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EUGENE BRIEUX (1858– )

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Originally appearing in Volume V04, Page 563 of the 1911 Encyclopedia Britannica.
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EUGENE BRIEUX (1858– ), French dramatist, was born in Paris of poor parents on the 19th of January 1858. A one-act play, Bernard Palissy, written in collaboration with M. Gaston Salandri, was produced in 18i9, but he had to wait eleven years before he obtained another hearing, his Menage d' artistes being produced by Antoine at the Theatre Libre in 1890. His plays are essentially didactic, being aimed at some weakness or iniquity of the social system. Blanchette (1892) pointed out the evil results of education of girls of the working classes; M. de Rcboval (1892) was directed against pharisaism; L'Engrenage (1894) against corruption in politics; Les Bienfaiteurs (1896) against the frivolity of fashionable charity; and L'Evasion (1896) satirized an indiscriminate belief in the doctrine of heredity. Les Trois Filles de M. Dupont (1897) is a powerful, somewhat brutal, study of the miseries imposed on poor middle-class girls by the Frenchsystem of dowry; Le Resultat des courses (1898) shows the evil results of betting among the Parisian workmen; La Robe rouge (1900) was directed against the injustices of the law; Les Remplacantes (1901) against the practice of putting children out to nurse. Les Avaries (19o1), forbidden by the censor, on account of its medical details, was read privately by the author at the Theatre Antoine; and Petite amie (1902) describes the life of a Parisian shop-girl. Later plays are La Couvee (1903, acted privately at Rouen in 1893), Maternite (1904), La Deserteuse (1904), in collaboration with M. Jean Sigaux, and Les Hannetons, a comedy in three acts (1906).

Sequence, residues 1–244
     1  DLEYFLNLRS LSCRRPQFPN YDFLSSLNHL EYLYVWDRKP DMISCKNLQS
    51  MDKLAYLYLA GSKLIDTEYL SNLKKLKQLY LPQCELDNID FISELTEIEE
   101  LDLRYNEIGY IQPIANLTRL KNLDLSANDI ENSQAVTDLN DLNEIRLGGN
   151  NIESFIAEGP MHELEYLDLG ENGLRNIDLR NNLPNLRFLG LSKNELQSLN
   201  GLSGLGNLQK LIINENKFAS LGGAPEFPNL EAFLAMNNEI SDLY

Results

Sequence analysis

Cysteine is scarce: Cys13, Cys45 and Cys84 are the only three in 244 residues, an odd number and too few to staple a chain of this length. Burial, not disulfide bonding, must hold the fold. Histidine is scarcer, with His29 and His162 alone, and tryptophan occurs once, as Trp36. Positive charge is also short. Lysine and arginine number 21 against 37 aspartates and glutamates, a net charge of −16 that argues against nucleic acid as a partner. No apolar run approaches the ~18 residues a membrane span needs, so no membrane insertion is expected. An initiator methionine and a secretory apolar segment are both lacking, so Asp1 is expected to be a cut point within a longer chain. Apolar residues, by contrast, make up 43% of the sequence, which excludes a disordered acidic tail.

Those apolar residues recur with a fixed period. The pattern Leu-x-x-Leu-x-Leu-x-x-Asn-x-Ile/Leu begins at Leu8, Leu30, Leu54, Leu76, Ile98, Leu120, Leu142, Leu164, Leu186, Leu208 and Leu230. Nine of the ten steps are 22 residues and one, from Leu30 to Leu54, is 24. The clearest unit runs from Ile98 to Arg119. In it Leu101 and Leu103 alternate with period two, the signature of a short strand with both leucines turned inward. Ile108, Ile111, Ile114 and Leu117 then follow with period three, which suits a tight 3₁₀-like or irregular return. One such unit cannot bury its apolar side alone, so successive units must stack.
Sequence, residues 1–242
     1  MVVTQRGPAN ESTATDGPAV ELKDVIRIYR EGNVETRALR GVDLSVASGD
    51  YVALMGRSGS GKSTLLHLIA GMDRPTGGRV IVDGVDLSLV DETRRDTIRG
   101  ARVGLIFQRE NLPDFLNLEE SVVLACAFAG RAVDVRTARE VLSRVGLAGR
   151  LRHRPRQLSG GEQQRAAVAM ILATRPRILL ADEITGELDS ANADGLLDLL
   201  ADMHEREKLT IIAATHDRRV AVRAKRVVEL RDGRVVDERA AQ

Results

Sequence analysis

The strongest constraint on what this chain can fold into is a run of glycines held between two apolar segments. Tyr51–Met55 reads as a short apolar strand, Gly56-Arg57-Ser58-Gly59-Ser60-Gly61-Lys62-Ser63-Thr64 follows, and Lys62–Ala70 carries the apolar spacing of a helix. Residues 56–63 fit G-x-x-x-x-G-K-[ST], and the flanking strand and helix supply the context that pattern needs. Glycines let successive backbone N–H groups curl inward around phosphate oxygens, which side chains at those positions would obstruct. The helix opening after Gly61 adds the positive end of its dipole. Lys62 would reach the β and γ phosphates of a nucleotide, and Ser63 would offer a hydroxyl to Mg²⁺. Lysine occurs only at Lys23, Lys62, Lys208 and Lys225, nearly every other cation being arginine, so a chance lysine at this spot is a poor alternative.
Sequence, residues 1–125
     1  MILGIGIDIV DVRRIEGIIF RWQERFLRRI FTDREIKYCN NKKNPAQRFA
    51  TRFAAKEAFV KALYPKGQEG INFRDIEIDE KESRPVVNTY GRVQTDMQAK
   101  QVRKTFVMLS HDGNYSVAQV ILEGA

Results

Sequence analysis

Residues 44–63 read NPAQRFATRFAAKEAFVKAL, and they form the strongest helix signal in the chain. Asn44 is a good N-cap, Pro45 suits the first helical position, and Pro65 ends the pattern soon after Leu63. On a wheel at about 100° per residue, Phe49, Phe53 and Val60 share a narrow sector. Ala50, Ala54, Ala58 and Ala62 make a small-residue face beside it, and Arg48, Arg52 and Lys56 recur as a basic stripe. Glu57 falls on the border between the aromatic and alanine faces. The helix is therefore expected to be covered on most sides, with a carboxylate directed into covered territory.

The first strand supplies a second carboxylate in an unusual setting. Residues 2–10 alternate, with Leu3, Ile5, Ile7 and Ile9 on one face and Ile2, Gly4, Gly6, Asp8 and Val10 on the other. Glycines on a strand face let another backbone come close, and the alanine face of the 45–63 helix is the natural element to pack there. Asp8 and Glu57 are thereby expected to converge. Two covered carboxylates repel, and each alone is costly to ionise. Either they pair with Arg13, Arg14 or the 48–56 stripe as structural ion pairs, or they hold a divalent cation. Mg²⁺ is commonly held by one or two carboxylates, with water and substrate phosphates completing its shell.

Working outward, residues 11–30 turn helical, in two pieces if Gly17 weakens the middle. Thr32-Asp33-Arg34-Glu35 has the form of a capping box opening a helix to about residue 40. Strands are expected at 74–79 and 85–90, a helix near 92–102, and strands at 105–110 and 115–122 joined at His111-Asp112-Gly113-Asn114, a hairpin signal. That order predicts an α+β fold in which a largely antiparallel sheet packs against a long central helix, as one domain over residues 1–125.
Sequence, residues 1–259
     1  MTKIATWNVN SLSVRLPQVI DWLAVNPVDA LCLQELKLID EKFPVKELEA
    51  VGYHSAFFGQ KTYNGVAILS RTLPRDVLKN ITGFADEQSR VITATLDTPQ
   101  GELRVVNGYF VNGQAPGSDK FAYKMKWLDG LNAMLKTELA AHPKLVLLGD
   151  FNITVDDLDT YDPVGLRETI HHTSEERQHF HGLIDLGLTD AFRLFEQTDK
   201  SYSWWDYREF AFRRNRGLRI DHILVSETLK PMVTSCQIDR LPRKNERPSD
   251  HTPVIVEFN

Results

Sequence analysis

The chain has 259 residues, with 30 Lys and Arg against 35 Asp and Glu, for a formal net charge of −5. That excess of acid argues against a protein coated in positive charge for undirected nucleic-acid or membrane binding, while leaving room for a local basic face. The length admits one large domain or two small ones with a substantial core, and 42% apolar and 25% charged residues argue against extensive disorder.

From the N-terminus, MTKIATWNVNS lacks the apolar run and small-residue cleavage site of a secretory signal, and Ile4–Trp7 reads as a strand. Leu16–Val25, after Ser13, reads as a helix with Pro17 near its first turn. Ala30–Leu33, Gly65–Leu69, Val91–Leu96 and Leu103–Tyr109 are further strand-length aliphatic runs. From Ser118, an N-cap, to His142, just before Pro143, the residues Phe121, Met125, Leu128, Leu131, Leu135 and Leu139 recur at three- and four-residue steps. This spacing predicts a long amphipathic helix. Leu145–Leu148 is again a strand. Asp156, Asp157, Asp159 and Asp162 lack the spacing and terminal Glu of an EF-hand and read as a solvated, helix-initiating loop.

End of Article: EUGENE BRIEUX (1858– )
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